George Fox professor, Mark David Hall, wrote a well-received guest opinion article in The Sunday Oregonian about faulty logic used on evangelicals views on torture. Here is a sample of that article.
There are lies, damn lies and statistics. Manipulation of the latter serves as the basis of Tom Krattenmaker’s smear of evangelicals published in The Sunday Oregonian (“Torture and evangelicals: Faith takes back seat to power and politics,” Oct. 19). Krattenmaker breathlessly compares one poll reporting that 57 percent of white Southern evangelicals think torture can “often” or “sometimes” be justified, with another showing that 48 percent of the general public has identical views.
He does not mention that the same polls reveal that 68 percent of the nation believes torture may be justified in at least some circumstances, as compared to 73 percent of white Southern evangelicals — a difference well within the polls’ margins of error.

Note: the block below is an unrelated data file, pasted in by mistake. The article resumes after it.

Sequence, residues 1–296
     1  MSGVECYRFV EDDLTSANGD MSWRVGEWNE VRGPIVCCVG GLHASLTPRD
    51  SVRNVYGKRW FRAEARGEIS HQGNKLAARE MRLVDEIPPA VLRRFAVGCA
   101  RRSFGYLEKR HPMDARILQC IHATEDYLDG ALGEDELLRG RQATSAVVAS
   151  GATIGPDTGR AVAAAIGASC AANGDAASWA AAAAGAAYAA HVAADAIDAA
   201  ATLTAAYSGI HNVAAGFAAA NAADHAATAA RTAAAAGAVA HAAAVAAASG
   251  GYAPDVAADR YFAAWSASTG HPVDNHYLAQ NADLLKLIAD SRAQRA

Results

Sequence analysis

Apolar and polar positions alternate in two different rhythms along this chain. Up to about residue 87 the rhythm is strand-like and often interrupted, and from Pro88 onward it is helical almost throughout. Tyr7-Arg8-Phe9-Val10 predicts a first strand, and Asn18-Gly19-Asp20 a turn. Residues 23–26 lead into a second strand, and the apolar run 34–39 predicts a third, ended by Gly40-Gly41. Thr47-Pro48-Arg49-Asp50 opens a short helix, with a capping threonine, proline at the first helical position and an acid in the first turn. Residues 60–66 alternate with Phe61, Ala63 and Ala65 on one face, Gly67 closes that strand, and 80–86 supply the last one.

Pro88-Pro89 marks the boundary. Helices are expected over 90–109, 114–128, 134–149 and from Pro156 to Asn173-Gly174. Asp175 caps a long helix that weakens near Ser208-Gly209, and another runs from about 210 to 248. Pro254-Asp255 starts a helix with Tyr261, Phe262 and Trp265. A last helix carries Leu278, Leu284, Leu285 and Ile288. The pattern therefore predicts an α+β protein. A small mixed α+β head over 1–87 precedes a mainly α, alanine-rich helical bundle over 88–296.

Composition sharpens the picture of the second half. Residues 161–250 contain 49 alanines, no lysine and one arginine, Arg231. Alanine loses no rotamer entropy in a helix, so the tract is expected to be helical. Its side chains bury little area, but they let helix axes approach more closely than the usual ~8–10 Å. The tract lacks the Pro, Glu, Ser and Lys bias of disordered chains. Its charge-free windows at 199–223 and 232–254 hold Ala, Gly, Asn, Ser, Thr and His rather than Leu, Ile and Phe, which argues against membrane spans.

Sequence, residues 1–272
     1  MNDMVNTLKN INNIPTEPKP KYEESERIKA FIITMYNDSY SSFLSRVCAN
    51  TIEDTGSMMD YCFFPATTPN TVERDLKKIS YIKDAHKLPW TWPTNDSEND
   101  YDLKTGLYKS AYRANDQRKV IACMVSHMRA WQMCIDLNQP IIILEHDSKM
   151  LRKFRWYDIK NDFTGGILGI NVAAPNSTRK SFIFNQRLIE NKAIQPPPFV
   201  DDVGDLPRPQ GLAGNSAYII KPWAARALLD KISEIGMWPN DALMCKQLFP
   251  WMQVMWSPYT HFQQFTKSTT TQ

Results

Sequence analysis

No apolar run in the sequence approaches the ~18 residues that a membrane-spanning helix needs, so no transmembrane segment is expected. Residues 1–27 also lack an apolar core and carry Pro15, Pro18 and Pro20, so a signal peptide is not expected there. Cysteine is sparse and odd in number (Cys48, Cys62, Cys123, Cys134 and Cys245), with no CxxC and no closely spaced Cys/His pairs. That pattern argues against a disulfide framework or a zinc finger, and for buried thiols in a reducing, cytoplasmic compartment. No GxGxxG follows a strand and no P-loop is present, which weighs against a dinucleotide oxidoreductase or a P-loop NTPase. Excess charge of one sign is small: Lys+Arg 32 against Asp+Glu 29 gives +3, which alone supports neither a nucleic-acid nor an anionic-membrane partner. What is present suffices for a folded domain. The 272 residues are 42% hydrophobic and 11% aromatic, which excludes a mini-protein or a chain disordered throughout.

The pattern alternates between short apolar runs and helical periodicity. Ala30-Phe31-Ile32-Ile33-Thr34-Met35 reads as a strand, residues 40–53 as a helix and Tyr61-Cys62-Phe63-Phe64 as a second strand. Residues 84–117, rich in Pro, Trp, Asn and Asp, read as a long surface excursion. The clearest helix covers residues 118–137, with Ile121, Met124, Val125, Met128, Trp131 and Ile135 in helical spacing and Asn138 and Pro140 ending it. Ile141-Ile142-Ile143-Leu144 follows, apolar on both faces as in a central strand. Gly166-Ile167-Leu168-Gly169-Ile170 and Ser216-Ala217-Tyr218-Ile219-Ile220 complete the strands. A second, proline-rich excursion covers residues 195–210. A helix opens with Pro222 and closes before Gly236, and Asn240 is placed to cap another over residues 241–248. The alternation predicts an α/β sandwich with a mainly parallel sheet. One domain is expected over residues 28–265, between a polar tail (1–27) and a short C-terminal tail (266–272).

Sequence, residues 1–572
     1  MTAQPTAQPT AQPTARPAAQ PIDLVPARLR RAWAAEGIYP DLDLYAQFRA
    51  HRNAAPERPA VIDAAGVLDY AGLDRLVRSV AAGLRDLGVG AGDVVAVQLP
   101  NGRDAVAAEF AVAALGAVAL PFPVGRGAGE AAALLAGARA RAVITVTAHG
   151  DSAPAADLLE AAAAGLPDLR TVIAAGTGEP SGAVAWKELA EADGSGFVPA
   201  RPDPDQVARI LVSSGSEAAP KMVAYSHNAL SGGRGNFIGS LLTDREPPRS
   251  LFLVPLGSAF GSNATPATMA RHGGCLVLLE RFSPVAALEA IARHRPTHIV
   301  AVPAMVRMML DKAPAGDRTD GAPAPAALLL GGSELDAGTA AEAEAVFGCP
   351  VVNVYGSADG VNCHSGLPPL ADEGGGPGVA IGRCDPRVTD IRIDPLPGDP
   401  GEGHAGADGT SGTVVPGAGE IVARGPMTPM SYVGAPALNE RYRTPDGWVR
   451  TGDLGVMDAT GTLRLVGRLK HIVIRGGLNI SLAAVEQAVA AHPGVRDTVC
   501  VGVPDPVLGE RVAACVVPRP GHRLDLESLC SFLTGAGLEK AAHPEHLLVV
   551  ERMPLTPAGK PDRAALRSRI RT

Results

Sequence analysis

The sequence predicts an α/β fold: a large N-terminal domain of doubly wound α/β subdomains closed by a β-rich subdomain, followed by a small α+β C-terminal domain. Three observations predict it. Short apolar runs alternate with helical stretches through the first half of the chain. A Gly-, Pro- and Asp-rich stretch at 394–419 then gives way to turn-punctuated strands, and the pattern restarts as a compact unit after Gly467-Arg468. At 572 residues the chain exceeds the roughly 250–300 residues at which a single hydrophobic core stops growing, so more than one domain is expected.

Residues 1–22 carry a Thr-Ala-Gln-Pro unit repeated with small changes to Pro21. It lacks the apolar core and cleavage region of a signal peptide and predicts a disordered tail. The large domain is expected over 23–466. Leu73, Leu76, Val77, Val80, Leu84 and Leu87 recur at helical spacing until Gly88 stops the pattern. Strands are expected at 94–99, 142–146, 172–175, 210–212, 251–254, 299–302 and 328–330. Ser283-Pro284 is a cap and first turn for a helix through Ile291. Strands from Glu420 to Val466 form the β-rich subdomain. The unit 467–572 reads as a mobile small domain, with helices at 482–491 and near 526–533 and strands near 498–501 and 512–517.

Nor does he consider the possibility that factors such as region may have impacted the findings. As a transplanted Southerner (I received my Ph.D. from the University of Virginia), I can testify that Southerners are a pugnacious people.
The South’s militaristic streak predates evangelicalism’s grip on the region — witness its many successes on the battlefield against steep odds in the Civil War. More to the point, Southerners today are significantly more likely than residents of other regions to think they would do “better than average in a fistfight” (according to Robert Putnam’s book “Bowling Alone: The Collapse and Revival of American Community”) and to enlist in the military (according to a 2006 Heritage Foundation study).
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